Ageing white workforce to impact SA labour market – report
In 2015 close to half (48.5%) of what the IRR refers to as “African economically active people” were aged below 35. For the white population, about two-thirds (66.6%) of economically active people were aged 35 and above.
According to the report, the labour market participation rates of the different race groups show that the rate for Africans has picked up since 1994. However, it still lags behind that of the white population by roughly ten percentage points.
“Young Africans largely bear the brunt of unemployment. The number of unemployed people has increased faster than that of the employed. In addition, many unemployed people have been out of a job for several years, lessening the likelihood of again finding one,” according to the IRR.
There is also a correlation between education and employment, with the unemployment rate of people with a tertiary qualification being less than half that of people with only a primary education. The IRR regards the quality of South Africa’s schools as a central obstacle to the employment of young people.
The labour force absorption rate of Africans is very low at 40.7% – lower than in 2001 (42.1%). It is also about 20 percentage points below emerging market norms. The labour force absorption rate measures the proportion of the working-age population that is employed — in other words, all those who do any work for pay, profit, or family gain.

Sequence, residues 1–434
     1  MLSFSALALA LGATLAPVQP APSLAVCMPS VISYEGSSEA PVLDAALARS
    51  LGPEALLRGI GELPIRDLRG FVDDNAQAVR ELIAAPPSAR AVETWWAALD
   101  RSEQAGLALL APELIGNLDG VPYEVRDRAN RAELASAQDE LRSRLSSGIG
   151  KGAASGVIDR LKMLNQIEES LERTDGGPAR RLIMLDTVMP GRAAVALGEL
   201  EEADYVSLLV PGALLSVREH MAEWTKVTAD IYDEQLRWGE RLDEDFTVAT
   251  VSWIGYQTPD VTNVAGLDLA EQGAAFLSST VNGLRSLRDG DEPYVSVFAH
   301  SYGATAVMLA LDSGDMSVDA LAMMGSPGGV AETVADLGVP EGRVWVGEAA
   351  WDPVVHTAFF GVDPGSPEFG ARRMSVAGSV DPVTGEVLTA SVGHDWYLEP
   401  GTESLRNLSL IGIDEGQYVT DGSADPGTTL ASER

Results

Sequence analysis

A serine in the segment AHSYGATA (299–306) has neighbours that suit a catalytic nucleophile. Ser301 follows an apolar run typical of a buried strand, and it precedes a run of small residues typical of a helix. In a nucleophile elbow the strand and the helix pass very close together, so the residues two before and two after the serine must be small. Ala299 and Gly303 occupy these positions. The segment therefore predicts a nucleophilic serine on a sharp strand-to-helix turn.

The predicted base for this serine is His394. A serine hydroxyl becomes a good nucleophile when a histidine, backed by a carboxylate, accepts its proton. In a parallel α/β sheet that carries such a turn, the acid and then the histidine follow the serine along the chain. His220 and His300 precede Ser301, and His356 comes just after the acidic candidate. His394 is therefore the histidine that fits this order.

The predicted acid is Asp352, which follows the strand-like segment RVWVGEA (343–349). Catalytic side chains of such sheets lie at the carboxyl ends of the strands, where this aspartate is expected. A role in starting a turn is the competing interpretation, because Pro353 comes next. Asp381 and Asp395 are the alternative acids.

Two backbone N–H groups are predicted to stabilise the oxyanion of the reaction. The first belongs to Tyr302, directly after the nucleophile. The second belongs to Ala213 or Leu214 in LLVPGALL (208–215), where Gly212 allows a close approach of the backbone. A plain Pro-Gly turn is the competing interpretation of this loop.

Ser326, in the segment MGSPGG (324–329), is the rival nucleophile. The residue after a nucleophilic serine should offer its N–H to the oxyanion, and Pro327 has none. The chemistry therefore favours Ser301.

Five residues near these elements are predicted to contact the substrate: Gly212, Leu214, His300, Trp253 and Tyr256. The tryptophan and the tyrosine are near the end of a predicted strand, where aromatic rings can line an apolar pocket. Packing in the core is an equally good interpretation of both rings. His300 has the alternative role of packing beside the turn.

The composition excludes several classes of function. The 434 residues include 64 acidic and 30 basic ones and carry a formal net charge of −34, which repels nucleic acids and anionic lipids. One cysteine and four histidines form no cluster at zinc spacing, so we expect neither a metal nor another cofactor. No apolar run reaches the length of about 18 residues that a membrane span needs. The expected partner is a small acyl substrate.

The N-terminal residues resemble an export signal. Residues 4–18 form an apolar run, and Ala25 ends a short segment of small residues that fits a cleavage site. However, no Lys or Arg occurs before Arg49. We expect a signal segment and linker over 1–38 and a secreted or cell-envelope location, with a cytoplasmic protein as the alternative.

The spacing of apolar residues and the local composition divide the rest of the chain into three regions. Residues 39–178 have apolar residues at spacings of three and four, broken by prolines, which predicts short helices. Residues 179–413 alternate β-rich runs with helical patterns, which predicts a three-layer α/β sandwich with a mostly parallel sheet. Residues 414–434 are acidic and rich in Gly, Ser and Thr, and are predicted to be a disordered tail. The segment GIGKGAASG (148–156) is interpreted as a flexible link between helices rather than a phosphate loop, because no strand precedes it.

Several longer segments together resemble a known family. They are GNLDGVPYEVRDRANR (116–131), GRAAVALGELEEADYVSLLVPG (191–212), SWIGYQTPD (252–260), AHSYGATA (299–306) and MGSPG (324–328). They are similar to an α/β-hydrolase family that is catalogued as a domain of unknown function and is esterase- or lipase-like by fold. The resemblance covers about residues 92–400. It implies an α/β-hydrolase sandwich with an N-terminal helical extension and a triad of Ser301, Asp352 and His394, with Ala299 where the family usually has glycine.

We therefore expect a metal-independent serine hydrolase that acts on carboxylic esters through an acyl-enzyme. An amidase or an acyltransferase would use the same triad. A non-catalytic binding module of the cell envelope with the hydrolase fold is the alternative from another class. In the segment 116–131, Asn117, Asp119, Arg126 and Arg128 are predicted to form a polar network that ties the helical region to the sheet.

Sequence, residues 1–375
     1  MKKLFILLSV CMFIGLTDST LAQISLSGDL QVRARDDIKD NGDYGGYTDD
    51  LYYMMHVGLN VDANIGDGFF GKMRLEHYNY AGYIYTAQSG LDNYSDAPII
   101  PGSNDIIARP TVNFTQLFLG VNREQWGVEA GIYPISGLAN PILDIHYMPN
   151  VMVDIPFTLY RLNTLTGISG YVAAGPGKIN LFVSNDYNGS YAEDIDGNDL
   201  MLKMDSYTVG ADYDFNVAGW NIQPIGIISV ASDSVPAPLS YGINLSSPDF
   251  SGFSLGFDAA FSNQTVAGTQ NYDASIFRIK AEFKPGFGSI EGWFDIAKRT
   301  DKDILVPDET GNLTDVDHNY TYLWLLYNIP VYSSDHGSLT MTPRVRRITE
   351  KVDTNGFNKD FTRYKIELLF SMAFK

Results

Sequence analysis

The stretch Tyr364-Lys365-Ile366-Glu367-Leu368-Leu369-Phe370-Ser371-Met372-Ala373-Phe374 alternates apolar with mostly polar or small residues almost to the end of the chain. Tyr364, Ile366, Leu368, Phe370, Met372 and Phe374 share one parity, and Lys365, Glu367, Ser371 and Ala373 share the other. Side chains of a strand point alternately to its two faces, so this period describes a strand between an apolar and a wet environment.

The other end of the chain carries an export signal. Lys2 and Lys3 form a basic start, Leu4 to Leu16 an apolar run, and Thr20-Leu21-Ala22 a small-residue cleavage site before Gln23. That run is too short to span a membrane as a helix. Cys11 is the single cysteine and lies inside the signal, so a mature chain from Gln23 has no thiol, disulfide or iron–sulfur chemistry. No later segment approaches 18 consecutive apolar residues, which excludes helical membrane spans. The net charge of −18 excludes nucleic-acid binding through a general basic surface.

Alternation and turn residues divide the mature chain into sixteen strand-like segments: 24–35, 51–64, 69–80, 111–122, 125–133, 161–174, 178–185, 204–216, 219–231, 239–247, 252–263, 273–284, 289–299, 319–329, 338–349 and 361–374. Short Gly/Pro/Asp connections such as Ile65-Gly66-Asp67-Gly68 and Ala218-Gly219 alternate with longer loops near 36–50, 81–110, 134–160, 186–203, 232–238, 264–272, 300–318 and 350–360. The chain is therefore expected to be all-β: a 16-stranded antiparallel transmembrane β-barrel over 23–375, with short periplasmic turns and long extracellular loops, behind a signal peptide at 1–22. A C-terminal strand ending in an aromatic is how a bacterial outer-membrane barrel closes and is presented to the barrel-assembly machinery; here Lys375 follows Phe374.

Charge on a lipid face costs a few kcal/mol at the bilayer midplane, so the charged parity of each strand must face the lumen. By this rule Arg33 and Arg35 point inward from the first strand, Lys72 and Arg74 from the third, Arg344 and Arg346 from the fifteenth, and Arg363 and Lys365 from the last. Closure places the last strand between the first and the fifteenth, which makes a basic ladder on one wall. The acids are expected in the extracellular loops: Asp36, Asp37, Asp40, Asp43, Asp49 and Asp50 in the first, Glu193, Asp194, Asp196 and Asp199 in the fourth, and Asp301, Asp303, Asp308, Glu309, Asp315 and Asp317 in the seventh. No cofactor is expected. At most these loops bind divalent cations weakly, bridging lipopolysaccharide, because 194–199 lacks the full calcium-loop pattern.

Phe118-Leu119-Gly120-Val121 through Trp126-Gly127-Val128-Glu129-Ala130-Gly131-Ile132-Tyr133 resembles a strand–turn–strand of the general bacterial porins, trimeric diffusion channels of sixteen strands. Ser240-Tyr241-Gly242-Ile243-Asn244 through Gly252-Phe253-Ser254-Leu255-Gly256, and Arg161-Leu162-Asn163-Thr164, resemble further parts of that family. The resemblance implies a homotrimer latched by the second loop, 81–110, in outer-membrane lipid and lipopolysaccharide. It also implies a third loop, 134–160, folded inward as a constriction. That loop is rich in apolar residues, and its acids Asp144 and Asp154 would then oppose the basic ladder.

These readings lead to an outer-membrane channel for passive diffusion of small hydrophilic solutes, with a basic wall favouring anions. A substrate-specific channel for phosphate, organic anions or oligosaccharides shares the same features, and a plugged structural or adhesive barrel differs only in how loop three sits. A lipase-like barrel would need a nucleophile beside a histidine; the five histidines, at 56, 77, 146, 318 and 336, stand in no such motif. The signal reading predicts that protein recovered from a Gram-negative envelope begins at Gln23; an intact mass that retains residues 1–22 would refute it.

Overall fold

In 1994 there were on average 490 African people who were not working for every 100 employed African people. The average for the whole country in 1994 was 380 people not working for every 100 employed, compared to 250 not working for every 100 employed by 2015.
Another noteworthy trend according to the IRR is that South Africa’s female labour participation rates for all race groups are considerably lower than those of their male counterparts.
The IRR’s Frans Cronjé pointed out that although significant job growth has been recorded since 1994, that job growth has been skewed towards the relatively high-tech and high-skilled services economy.
Damaging laws and drop in competitiveness make their mark
“Labour market policies and the drop in domestic industrial competitiveness have prised poor people out of jobs and led to declines in the number of mining and manufacturing jobs, for example,” he said.
The number of mining jobs went down by 29.4% between 1990 and 2015. According to the IRR this correlates with steady domestic deindustrialisation since 1994, which occurred as a result of declining industrial competitiveness.
“Such declining competitiveness, driven in part by damaging labour laws, is the explanation for South Africa’s structural unemployment crisis. In the absence of policy reform, such reduced competitiveness will continue to depress job growth,” said the IRR.
According to Statistics SA there were 54 956 900 people in South Africa in 2015. About 35 955 000 were of working age, but only 20 887 000 (58.1%) of them were economically active. Fewer than half of working-age people (15 657 000) were employed.